Saints and Pagans and birds, oh my

Happy Valentine’s Day, friends!

Do you know its origins? (And no, it’s not a Hallmark-born holiday.)

The history of Valentine’s Day—named for Saint Valentine—is, well, a bit odd.

One legend states that Valentine was a priest who conducted marriage ceremonies in third-century Rome. But emperor Claudius II, who thought men would make better soldiers if they were all single (so third century!), outlawed marriage for young men. Valentine didn’t listen and carried on performing the loving unions. When the emperor got wind of Valentine’s act of defiance, he was not a happy camper; he had Valentine killed. Later, the church named this martyr a saint.

Some believe that celebrating the holiday in mid-February is to commemorate Valentine’s death, but others claim it was a slick PR move by the Christian church to rebrand the Pagan celebration of Lupercalia. This fertility festival included smearing the blood of sacrificed goats on townswomen. (Fun!) Shockingly, the Roman women welcomed bizarre ritual and being paired up with the bachelors who choose their names from an urn and paired up with them for the year ahead. At the end of the 5th century, Lupercalia was deemed “un-Christian,” and Pope Gelasius declared February 14th St. Valentine’s Day.

It wasn’t until the Middle Ages that day became associated with love. In France and England, February 14th was commonly believed to be the beginning of birds’ mating season, which supported the idea that Valentine’s Day should be a day for romance.

(And then there’s this chubby little naked dude* who supposedly launches arrows of love at unsuspecting lovers.)

What a weird holiday.

For most of us, it’s about acknowledging the important people in our lives with cards, flowers, and chocolate.

But this Valentine’s Day, the greatest gift can’t be found in a store; it’s demonstrated in your everyday interactions with those you value most.

The best way to show someone you care is to truly “see” them as a human being.

What does that mean?

When you “see” someone, you give that person your full and undivided attention. You listen to understand, not to respond. You acknowledge their presence, and in doing so, send a clear message that they matter.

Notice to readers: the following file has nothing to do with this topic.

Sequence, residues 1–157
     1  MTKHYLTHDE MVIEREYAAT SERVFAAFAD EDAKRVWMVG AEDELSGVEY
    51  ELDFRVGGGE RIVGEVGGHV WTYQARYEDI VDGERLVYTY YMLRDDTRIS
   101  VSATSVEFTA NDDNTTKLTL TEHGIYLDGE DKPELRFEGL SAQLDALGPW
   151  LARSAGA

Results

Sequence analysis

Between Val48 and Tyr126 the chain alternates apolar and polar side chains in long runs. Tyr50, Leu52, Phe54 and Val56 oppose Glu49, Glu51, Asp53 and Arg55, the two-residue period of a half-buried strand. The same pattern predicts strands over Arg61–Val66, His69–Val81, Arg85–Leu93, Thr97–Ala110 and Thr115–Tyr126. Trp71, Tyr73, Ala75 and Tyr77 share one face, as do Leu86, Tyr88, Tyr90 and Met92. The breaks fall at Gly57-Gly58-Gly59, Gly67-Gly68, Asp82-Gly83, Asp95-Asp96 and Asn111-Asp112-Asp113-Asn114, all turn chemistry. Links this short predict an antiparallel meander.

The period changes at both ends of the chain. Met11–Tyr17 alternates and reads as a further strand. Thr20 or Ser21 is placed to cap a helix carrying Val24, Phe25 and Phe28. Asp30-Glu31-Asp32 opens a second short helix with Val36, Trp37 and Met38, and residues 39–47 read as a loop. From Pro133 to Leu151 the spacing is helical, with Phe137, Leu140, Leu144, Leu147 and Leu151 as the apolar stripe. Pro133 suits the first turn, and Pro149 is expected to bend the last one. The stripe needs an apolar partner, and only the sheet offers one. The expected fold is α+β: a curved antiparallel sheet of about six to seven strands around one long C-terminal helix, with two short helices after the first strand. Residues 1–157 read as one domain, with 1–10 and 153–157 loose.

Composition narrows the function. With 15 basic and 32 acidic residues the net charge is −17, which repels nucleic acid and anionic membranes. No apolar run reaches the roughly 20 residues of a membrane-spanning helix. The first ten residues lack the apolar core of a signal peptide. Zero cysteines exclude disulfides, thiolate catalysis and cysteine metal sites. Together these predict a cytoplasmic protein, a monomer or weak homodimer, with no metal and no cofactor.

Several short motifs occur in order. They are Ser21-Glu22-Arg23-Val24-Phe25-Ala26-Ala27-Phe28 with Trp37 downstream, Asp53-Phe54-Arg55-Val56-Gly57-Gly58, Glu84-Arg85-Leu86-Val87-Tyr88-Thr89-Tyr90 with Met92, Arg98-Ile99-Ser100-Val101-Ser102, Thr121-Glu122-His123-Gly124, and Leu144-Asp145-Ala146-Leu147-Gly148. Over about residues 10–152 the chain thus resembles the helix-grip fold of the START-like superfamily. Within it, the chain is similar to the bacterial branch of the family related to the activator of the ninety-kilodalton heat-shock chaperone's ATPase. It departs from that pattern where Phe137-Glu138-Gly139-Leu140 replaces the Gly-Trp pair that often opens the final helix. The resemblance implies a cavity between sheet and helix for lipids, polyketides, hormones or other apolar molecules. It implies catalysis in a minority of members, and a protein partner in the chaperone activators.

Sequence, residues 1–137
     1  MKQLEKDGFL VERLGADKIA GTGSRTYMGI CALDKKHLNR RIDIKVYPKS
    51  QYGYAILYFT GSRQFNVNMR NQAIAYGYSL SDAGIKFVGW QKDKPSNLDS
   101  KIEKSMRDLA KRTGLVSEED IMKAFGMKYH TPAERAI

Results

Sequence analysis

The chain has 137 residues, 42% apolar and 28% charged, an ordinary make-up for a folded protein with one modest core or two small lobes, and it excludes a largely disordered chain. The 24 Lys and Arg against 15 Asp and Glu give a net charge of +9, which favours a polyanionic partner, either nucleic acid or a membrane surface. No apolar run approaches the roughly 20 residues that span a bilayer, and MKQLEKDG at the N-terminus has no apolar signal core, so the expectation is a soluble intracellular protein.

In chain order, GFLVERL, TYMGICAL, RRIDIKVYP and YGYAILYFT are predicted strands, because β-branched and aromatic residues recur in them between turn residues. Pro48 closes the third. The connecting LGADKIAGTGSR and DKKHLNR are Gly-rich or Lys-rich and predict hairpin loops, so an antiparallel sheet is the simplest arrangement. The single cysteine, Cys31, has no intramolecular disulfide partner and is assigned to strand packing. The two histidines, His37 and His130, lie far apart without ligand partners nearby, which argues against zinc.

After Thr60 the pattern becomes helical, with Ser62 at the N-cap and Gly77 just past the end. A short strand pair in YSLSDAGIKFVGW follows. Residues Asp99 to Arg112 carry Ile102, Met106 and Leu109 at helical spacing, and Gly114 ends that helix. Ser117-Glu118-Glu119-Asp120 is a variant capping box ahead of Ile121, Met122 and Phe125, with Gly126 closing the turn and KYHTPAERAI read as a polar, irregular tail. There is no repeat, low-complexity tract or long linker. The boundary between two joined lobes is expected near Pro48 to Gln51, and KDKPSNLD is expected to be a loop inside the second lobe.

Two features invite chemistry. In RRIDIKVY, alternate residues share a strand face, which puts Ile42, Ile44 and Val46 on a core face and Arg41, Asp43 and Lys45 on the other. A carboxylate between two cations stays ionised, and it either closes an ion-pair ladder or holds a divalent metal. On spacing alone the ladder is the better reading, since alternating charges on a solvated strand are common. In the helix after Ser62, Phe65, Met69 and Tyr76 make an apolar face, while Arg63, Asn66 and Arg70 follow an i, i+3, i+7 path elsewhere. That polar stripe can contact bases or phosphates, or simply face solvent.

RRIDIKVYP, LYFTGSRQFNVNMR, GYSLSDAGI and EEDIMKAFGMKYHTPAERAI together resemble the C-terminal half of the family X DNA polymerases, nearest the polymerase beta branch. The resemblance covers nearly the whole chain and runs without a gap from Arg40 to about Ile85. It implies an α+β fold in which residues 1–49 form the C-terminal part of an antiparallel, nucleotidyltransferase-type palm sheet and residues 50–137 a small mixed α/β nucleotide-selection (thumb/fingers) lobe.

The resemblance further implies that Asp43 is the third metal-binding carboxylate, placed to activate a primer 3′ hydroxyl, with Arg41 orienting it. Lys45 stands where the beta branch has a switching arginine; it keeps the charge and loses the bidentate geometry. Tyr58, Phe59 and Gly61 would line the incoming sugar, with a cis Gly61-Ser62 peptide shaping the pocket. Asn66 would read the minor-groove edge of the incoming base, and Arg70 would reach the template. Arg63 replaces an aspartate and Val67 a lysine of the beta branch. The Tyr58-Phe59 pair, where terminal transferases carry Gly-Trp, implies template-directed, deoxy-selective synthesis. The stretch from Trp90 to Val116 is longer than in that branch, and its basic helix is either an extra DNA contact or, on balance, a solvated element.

These days, even with the best intentions, it’s easy to go off the rails. We get caught up in the grind, stressed about the hundreds of emails in our inbox, fearful of looming deadlines and the demands of our bosses and boards.

But while we’re multitasking our way into oblivion, we tend to forget one fundamental truth: people power business.

When you use your awareness of others to slow down and truly “see” them, you’ll spread a little more love into the world.

And that’s a gift that keeps on giving. (No goats required.)

Unfortunately, there’s an important someone we typically overlook in our professional worlds, and that person deserves a little nurturing too. In my latest Forbes article, I share why the most valuable person isn’t who you think—and how to leverage your career’s true MVP. 🏆

And before I go, just for fun, tell me: What’s the best Valentine’s Day gift you’ve ever given or received? Let me know in the comments below.

Shine on,


P.S. First time here? (Aww… hey there, newbie! Happy Valentine’s Day, friend!) Be sure to check out the website to catch up on previous issues.

P.P.S. When I’m not writing this newsletter or my other content, I’m a social media ghostwriter (yep, that’s a thing), helping founders, entrepreneurs, and CXOs craft their stories to communicate and connect better by magnifying their reach and impact. (Think personal branding and thought leadership.) Learn more here.

P.P.S.S. Now that we’re inbox-exclusive, you might want to follow my interweb shenanigans too. I’m on ForbesLinkedInTwitterInstagram, and now, Clubhouse. (No link for that last one. If you’re also there, you can find me at @amyblaschka.)

P.P.P.S.S. One more thing: If you think this post would resonate with others, feel free to share it with your friends. Or better yet, invite them to join our Illuminate Me tribe!

*Even this cherub has a shady past. The Roman God Cupid has his roots in Greek mythology as the Greek god of love, Eros. According to the Greek Archaic poets, Eros was a handsome immortal who played with Gods and men’s emotions, using golden arrows to incite love and leaden ones to sow aversion. (So gangster.) It wasn’t until the Hellenistic period that he began to be portrayed as the naughty kid we know him as today.